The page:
Is Natural Theology Biblical? -- By: Stephen R. Spencer

Journal: Grace Theological Journal
Volume: GTJ 09:1 (Spring 1988)
Article: Is Natural Theology Biblical?
Author: Stephen R. Spencer

Is Natural Theology Biblical?

Stephen R. Spencer

Biblical data on Gods self-disclosure through his creation clearly confirms the validity of natural revelation. Some apologists, however, advocate a natural theology that is derived from natural revelation. They argue that the unconverted can be introduced to God through natural theology.

The arguments for natural theology, however, are without biblical support. Natural theology is not a corollary of natural revelation, there are no examples of it in Scripture, and there is no biblical warrant for it, whether revelational, anthropological, or apologetic.

The long-running debate over apologetic method between evidentialism and presuppositionalism (particularly of the Van Tilian variety) involves a wide range of issues. Out of that broad spectrum of dispute, it is sometimes difficult to demarcate precisely the dividing line between the two sides. It is even more difficult to find the source of that line of division. The issue of natural theology, however, should be recognized as the watershed of these two apologetic methods.1

Defining Natural Theology

Though natural theology has been variously defined,2 two basic definitions are noteworthy. First, natural theology denotes the development of an entire theological system without reference to revelation. This sense seems equivalent to natural religion, of which deism is a classic example. No known evangelical espouses this type of natural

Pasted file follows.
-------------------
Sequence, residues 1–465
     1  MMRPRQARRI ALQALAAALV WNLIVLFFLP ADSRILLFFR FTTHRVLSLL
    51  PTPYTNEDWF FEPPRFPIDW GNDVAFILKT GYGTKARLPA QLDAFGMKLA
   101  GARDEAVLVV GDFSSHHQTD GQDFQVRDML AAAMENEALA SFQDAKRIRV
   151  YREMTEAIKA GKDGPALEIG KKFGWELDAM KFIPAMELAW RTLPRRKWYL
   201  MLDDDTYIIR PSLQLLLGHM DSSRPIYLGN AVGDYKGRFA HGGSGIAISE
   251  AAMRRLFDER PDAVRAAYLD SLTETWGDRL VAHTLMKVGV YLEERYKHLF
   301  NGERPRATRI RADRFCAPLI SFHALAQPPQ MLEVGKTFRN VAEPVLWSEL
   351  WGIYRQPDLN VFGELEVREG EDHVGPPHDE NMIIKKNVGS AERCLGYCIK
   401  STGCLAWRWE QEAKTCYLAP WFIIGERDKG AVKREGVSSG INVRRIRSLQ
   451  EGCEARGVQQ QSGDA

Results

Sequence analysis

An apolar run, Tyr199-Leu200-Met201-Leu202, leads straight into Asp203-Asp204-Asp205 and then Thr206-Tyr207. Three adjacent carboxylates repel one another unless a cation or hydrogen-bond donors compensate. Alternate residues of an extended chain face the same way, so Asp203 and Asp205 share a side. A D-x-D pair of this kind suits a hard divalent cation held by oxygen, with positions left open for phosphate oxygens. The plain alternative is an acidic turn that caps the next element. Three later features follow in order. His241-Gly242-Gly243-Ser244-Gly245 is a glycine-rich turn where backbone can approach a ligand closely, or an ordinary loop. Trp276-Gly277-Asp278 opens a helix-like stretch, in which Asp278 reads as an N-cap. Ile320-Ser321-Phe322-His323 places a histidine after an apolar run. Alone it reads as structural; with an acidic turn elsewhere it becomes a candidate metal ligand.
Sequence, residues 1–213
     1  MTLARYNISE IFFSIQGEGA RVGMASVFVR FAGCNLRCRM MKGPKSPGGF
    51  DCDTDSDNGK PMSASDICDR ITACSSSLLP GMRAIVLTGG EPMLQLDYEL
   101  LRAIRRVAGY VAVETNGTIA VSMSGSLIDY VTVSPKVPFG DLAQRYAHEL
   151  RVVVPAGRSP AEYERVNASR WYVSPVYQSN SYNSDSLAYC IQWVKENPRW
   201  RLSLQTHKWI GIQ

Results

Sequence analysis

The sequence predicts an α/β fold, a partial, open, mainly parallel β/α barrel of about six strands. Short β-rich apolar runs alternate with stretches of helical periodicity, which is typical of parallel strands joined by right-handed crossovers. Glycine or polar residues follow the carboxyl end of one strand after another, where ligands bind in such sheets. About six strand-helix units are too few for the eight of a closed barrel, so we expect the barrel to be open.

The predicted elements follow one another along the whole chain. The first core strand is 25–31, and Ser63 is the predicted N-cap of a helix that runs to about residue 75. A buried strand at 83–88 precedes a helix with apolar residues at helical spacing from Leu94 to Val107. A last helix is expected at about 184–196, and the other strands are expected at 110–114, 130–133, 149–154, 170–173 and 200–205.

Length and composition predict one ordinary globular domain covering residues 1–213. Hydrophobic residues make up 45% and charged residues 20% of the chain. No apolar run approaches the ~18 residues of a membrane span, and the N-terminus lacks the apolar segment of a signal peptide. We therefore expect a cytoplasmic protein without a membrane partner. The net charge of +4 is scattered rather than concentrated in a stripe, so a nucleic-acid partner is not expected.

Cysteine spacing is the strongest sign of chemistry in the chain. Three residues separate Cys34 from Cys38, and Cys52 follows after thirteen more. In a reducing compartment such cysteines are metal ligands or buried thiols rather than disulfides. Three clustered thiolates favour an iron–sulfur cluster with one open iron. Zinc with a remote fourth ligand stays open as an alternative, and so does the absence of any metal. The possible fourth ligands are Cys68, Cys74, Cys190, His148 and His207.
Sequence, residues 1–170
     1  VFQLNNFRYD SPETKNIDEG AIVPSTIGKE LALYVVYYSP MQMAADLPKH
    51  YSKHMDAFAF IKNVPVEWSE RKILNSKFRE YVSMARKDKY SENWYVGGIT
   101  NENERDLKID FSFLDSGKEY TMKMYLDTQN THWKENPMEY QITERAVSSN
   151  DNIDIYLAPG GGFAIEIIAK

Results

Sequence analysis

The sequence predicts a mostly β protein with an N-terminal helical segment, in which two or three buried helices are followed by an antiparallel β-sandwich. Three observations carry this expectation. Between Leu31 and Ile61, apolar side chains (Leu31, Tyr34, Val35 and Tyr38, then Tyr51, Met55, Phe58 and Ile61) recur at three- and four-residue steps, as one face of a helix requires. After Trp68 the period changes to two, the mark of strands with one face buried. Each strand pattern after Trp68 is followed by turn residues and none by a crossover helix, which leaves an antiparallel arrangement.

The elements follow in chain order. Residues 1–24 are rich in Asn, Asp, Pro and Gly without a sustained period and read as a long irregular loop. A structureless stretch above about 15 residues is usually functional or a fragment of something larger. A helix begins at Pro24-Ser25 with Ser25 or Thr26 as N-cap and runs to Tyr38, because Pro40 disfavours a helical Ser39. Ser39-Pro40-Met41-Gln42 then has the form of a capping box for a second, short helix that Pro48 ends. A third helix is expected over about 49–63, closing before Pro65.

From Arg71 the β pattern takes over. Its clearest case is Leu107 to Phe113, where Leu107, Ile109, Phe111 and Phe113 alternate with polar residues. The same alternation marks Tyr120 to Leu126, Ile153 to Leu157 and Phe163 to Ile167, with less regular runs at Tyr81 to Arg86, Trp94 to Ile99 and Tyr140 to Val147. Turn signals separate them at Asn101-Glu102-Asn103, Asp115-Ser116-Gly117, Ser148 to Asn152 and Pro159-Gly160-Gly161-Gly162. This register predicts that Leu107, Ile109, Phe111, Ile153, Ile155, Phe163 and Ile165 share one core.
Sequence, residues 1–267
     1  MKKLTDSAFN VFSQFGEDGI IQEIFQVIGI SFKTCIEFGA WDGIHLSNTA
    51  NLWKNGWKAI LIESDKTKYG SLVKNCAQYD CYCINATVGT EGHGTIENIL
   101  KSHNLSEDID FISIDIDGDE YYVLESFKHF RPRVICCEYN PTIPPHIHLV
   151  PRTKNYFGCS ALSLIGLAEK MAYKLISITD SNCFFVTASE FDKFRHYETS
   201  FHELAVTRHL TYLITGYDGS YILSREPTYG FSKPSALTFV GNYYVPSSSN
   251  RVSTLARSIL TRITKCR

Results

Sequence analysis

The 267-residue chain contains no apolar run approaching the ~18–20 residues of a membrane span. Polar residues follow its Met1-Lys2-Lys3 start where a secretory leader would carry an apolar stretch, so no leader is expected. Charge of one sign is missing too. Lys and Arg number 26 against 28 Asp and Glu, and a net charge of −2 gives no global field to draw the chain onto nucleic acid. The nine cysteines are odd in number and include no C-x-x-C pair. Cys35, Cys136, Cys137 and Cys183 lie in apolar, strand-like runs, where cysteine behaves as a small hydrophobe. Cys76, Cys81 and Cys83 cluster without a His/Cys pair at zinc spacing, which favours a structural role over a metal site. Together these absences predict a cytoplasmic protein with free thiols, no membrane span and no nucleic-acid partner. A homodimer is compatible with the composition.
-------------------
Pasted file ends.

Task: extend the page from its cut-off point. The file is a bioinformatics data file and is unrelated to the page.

theology, and several explicitly reject it while espousing another type.3

The second meaning of natural theology differs significantly from the first meaning. Some propose that natural theology is the establishment of the existence and to some degree the character of God without recourse to revelation. A recent reference work in philosophy defines it as “the attempt to prove the existence of God, and sometimes human immortality too, from premises provided by observation of the ordinary course of nature.”4 The article goes on to distinguish this from revealed theology which concerns itself with “the contents and implications” of God’s revelation of Himself. Similarly, a recent theological dictionary states that natural theology is “traditionally that knowledge about God and the divine order which man’s reason can acquire without the aid of revelation.”5 The article attributes to this position the distinction between natural and reve...

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